Matt Cooper, CEO, Visually: The key best practice here is to use every part of the buffalo. If you create one tent-pole piece of content such as a data-visualization video or an interactive site, then look to carve it up into multiple pieces of creative derivative content that are optimized for a variety of marketing channels. For example, if you have a video asset, look to take screen grabs of the stills that are most impactful in telling your story. Then distribute those screen grabs over a few days or weeks as micro-content on Instagram, Snapchat, Facebook or other social channels. Another example is to take that same video asset and peel off 6 to 15-second segments to share on sites such as Instagram and Vine, which have strict short-form video requirements.
What about mobile? How can brands ensure their visuals will be viewable on mobile devices?
Matt: Keep it simple and snackable. We recently did a survey at Visually of 664 consumers. What they told us is that they want to consume content on mobile devices that's presented simply and as bite-sized micro content. So look at your content and decide what's the simplest way to present it for mobile users. This could mean that you use straight text broken down into a few succinct bullets. Or if you have a data visualization, try to use as little text as possible and rely on the images to tell your story so users aren't forced to zoom in to read tiny text. For infographics, you can easily rework them for mobile devices. For example, distill the main points into headlines, eliminating the need for callouts, blurbs, and supporting text paragraphs, and reuse the graphic assets. Or turn each key point into multiple short infographics.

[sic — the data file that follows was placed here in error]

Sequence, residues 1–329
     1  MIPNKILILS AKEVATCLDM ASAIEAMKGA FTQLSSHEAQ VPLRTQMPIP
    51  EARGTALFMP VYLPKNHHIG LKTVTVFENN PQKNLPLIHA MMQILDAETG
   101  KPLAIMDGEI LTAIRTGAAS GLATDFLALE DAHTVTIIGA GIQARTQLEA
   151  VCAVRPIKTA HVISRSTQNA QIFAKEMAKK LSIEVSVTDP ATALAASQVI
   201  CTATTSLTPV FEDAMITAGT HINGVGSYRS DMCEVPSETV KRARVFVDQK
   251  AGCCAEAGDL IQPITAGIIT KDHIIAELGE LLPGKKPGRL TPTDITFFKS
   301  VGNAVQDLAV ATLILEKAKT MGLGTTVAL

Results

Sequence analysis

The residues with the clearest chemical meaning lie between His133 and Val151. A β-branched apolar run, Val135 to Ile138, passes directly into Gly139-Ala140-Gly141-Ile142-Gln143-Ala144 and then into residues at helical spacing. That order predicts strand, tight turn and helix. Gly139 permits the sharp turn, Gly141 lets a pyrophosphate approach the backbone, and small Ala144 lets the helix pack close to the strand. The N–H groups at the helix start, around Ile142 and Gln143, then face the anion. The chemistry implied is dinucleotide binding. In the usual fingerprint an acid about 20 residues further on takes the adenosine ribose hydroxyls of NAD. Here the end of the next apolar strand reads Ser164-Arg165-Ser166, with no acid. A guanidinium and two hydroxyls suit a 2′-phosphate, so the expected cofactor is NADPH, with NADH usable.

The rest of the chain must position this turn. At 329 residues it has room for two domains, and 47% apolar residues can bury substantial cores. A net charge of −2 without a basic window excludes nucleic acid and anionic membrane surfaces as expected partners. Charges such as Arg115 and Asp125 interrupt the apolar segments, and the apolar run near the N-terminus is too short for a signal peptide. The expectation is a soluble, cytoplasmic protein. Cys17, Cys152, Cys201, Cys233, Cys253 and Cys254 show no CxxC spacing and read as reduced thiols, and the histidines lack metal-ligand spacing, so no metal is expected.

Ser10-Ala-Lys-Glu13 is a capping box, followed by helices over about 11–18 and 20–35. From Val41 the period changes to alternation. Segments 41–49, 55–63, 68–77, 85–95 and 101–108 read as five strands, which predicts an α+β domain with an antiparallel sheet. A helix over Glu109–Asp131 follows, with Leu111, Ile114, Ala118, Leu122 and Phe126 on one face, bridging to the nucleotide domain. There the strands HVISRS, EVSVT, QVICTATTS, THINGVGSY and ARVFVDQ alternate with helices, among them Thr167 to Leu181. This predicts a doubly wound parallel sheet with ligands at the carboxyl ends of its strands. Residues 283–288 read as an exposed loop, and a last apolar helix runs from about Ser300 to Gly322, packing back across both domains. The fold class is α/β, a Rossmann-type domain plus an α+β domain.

How can brands craft an engaging narrative with data?
Matt: Start off by using quality data. All too often companies create infographics that cite unscientific internet polls or pull apocryphal statistics seemingly from thin air. I recommend that you first look at the data that resides within your own company or product. Are there any interesting nuggets of information or correlations that you can draw that shed light on your industry or consumers? Start there first. Then look to creditable third-party resources such as academic studies and government data. Or commission a poll by hiring a reputable research firm.
Next, find the emotion within the data. We usually think of numbers and math as being cold, not conducive to warm fuzzies, but the best data visualizations are able to produce an emotional response. For example, take a look at these charts that show incarceration rates for black Americans or global maps of human trafficking and how they're able to cause empathy by exposing us to harsh realities. Whether it's happiness, hilarity, sadness, or wonder, a good data visualization will evoke a strong response from the emotional side of the brain.
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